?It would have been better to have left the plate glass as it had been and the goods lying in the stores. It would have been better, but it would have also have been intolerable, for Harlem needed something to smash?
This quote by James Baldwin pertains to his relevant thoughts on the Harlem Riots of 1943. A copy of Newsweek from August 9,1943 described the riot in great detail, ?Within a half hour Harlem?s hoodlums were on the march. Windows of pawnshops and liquor and grocery stores were smashed and looted. The Negroes began wielding knives and the police their guns? Thousands of police reserves, many of them Negroes, were rushed to the district?All traffic was re routed around Harlem?It came down chiefly to a battle between the police and Negro looters.? Much of Baldwin?s writing came from this World War II time period full of racial tension. The Harlem Riots of 1943 were another piece in the Civil Rights movement of which Baldwin used events and experiences from in his own writings.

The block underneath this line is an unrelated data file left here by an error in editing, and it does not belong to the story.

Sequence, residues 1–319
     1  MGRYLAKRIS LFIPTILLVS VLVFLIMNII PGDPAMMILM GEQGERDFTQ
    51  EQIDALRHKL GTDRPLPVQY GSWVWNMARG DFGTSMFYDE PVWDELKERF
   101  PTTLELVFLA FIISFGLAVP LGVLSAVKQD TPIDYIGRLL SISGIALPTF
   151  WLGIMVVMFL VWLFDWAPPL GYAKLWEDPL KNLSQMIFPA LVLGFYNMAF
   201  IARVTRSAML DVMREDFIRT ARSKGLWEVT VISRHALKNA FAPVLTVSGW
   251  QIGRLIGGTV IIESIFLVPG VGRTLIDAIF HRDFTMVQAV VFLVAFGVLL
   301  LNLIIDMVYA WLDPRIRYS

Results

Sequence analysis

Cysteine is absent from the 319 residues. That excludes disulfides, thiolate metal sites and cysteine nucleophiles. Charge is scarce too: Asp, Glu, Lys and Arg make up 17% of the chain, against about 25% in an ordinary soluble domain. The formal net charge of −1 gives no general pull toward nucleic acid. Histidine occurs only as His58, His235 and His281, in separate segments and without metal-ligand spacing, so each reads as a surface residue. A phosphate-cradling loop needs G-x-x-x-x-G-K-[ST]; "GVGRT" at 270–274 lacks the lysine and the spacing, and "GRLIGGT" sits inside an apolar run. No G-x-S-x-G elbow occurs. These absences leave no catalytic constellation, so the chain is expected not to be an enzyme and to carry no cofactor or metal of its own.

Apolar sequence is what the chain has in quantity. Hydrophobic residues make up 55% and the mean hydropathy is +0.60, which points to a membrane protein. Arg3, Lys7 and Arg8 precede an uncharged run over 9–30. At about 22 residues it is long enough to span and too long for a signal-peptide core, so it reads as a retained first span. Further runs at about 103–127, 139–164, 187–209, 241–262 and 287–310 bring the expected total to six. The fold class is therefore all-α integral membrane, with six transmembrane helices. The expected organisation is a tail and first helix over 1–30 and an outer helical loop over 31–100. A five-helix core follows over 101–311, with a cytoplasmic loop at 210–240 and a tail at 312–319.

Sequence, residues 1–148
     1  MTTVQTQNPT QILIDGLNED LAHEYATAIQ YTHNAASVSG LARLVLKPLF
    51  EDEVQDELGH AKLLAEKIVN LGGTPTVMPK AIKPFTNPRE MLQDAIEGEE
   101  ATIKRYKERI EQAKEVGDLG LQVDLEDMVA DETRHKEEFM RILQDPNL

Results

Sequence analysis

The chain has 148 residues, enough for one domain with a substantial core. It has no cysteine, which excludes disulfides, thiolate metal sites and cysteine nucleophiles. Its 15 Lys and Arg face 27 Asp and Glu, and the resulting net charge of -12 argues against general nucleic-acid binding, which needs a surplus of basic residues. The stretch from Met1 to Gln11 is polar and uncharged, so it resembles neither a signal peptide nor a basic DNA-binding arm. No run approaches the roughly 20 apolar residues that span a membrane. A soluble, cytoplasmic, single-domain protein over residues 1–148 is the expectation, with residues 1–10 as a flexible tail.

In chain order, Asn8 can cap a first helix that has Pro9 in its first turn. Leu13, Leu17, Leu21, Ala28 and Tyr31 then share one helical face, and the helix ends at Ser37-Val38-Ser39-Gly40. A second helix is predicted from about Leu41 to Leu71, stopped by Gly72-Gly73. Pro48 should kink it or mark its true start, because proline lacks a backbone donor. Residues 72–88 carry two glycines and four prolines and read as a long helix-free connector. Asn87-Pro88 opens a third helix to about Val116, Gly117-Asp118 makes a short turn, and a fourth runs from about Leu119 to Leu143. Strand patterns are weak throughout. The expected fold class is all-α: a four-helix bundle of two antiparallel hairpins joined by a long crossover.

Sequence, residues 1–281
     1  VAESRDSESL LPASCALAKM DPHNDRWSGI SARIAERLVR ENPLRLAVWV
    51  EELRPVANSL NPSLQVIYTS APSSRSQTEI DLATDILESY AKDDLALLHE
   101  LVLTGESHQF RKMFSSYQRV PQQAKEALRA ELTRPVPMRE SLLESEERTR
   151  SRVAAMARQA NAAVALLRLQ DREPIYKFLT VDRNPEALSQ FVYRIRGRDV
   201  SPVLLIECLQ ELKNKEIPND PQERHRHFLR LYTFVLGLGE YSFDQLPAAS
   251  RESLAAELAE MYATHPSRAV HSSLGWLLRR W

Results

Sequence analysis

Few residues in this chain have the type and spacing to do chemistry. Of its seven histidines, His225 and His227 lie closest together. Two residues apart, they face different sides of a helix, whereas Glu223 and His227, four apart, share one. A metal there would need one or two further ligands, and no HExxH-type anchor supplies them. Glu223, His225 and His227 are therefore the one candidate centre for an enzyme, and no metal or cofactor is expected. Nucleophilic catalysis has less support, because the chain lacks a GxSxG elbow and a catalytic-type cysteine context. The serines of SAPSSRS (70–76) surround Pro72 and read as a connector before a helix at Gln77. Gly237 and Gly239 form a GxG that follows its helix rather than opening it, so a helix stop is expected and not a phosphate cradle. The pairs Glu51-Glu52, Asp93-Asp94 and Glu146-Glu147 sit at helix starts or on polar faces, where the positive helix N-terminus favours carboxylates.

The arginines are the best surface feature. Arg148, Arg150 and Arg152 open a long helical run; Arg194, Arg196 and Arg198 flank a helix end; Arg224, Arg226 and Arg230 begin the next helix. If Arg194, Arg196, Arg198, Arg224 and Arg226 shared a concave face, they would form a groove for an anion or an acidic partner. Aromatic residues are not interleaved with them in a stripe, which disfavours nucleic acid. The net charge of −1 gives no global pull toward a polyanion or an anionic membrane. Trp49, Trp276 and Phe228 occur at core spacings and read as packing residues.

On August 1, 1943, Harlem ?Boiled over,? according to NAACP leader Walter White (NY Times, 17). The start of the event was attributed to one, ?Private Robert Bandy, the 26-year-old Negro soldier?who is charged with attacking a white policeman who was arresting a Negro woman in a Harlem hotel? (New York Times, 17). Rumors soon spread that police officers had killed a black soldier who was trying to protect his mother. This caused a momentous outburst of rioting destroying much of Harlem. The statistics of the riot vary depending on the source, but around 500 persons were injured, five dead, 400-500 arrested, and property damage estimated at 500,000 to a million dollars. ...
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... It stirred up much controversy along with the many other riots and civil rights movements of the time. For the people living during these times, like James Baldwin, much inspiration, realization, and experience occurred. Baldwin was able to take these troubled times and incorporate them into his passion, writing.
Heaps, Willard A. Riots, U.S.A. New York: The Seabury Press, 1970.
"Curfew In Harlem Relaxed to 11:30" : The New York Times. August 4, : 8.
?Harlem Hoodlums? : Newsweek. August 9, 1943
"OPA Establishes Office in Harlem" New York Times. (1857-Current file)
"Police Ease Curbs With Harlem Quiet" : The New York Times. August 5, 1943: 17.
Proquest Historical Newspapers : The New York Times. Aug. 7, 1943: 13.
***Please note that not all of the required information is included because it was not supplied in the information.
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